A Grave for Two by Anne Holt #Bookreview

I am delighted to share my thoughts on A Grave for Two by Anne Holt. I received this book as part of a giveaway by Readers First. This is the first time I have read a book by this author and I Admit that I will be reading more!

Let me show you what it is all about…

‘Anne Holt is the godmother of modern Norwegian crime fiction.’ Jo Nesbø

Selma Falck has hit rock bottom. Having lost everything – her husband, her children and her high-flying job as a lawyer – in quick succession, she is holed up alone in a dingy apartment. That is until Jan Morell – the man who is to blame for her downfall – rings her doorbell, desperate to overturn a doping accusation against his daughter, Hege – Norway’s best female skier. He’ll drop his investigation into Selma, but only if she’ll help… With just weeks until the Olympic qualifying rounds, clearing Hege’s name, and getting Selma’s own life back on track, seems impossible.

But when an elite male skier is found dead in suspicious circumstances, the post-mortem showing a link to Hege’s case, it becomes clear to Selma that there is a sinister web of lies, corruption and scandals lurking in this highly competitive sport. As time starts to runs out, another person is found dead, and Selma realizes that her own life is at risk…

This is the first time I have read anything by this author and she has left me with a curiosity to read more. The main protagonist of this story is Selma Falck, a woman with a past history and intriguing life. I met her as she was in a dingy flat as she has no job prospects and things look grim and uncertain. She is given a second chance when the father of the number one women’s Norwegian skier comes to ask for her help. The skier is Hege Chin Morell, she has been accused of taking an illegal drug and it threatens her Olympic dreams.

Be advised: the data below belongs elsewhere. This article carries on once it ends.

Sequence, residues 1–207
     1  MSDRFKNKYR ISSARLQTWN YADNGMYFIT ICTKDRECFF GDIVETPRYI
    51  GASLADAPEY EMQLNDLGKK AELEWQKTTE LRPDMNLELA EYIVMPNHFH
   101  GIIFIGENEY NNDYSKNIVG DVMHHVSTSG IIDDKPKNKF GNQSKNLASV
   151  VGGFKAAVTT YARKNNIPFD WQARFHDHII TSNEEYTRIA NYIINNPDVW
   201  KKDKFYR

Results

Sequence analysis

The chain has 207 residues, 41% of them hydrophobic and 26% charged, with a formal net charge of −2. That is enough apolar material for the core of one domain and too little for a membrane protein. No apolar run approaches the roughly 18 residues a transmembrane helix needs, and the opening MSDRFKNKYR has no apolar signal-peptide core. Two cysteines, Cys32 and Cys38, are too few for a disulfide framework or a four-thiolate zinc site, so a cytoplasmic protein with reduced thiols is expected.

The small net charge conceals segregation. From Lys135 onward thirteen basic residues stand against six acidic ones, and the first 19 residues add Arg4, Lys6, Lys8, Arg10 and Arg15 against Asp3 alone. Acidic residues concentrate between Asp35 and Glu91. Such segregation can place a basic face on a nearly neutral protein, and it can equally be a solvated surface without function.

Along with Hege, another athlete is also brought into the story. Though its his death that is in question. There are several threads of other story lines that the author has woven into A Grave For Two and she deals with corruption, cronyism, drug and doping accusations as well as a more personal look into Selma’s life.

This is a wonderful read and a slow burner that is intriguing and has well woven story-lines. The investigation that Selma embarks on takes her down some dubious and shady paths. I liked how the author flitted between all the different threads and gradually built up the story towards its climax. For the most of the story I was addicted and found it very interesting reading, but then as the end approached I found myself loosing that addiction. I felt that things were dragged out a little too much. At this point for me a lot of the questions had been answered and there was still the odd revelation to be revealed but it just felt like it slowed in pace a little. It may that my tiredness didn’t help as I was trying to finish the book before going to bed.